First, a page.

Making the situation even more dangerous are the tools the child laborers used to mine the ore. According to the Financial Times, workers in these mines use either hand tools to remove the ore or just their bare hands for hours with no break. One child working in a cobalt mine told Amnesty International he would “spend 24 hours down in the tunnels. I arrived in the morning and would leave the following morning.”
Crisis of water
Construction Photography/avalon/Getty Images
It’s not much better when it comes to the lithium needed to power batteries, as well. Primarily located in the salt flats of South America, within countries like Argentina, Bolivia, and Chile, mining lithium wreaks havoc on the local environment. Removing lithium from the salt requires huge amounts of water.
According to Mining Technology, just one Bolivian Mine uses over 13,000 gallons of water a day to extract lithium from the salt, causing a massive water shortage for local farmers. Ana Carballo, a leading researcher investigating lithium mines in Argentina, said, “Severe water scarcity means the ecosystems in these areas are very fragile — the water is not always reachable or readily available. It’s taken a very long time to come to terms with the consequences of the mining processes and one of the main challenges is in getting adequate environmental impact assessments.“
With an estimated 40 more lithium mines going online in the near future, the water situation in these countries will continue to worsen before they get better.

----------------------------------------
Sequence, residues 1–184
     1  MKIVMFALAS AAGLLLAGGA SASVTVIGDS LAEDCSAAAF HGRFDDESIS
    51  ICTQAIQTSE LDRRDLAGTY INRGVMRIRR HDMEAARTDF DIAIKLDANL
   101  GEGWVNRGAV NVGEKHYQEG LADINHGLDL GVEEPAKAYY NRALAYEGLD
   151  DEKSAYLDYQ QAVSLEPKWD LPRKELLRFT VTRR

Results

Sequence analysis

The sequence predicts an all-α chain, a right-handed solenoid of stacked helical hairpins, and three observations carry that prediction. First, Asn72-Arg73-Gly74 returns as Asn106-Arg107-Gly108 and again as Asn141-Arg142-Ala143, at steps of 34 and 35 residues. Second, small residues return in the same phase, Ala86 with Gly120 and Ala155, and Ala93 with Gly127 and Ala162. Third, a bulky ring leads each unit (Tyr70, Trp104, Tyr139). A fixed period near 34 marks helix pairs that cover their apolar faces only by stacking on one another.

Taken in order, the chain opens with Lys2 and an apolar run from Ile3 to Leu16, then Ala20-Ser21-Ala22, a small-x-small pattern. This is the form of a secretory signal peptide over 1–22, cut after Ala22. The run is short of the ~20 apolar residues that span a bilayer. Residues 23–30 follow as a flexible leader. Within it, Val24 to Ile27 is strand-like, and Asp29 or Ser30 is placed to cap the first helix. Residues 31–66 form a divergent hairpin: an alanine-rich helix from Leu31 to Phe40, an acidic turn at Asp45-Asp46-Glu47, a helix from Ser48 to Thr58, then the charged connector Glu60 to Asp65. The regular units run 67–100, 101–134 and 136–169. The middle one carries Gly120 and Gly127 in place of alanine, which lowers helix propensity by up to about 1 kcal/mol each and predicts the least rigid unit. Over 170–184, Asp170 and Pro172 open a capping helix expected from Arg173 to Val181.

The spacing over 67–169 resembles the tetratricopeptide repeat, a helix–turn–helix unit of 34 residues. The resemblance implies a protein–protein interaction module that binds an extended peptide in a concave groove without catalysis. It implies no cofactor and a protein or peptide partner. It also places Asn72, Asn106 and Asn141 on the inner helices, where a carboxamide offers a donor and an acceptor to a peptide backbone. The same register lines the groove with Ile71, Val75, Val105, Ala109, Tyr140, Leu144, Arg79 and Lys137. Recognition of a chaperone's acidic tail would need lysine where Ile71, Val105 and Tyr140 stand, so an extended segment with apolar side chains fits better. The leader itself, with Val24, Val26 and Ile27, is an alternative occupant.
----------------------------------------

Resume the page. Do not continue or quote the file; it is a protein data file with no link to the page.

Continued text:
Chicago does not have a reputation for being the safest city in the United States, so much so that it has earned the nickname Chiraq. Murders are a far too common aspect of living in any big city, but according to the Chicago Tribune, Chicago plays host to a disproportionate number, only a fraction of which are genuinely investigated or solved.
Most murders are isolated crimes of passion or done during the commission of other crimes. The case of the Chicago Strangler, a potential serial killer operating in the city for two decades, is far different. Since 2001, at least 55 women (and counting) have lost their lives at the hands of the Chicago Strangler, whom the police have denied even exists. The alleged serial killer’s methods are brutal, cold, and repetitive, practically a calling card at this point. If anything, by his apparent indifference to capture, he is almost mocking authorities.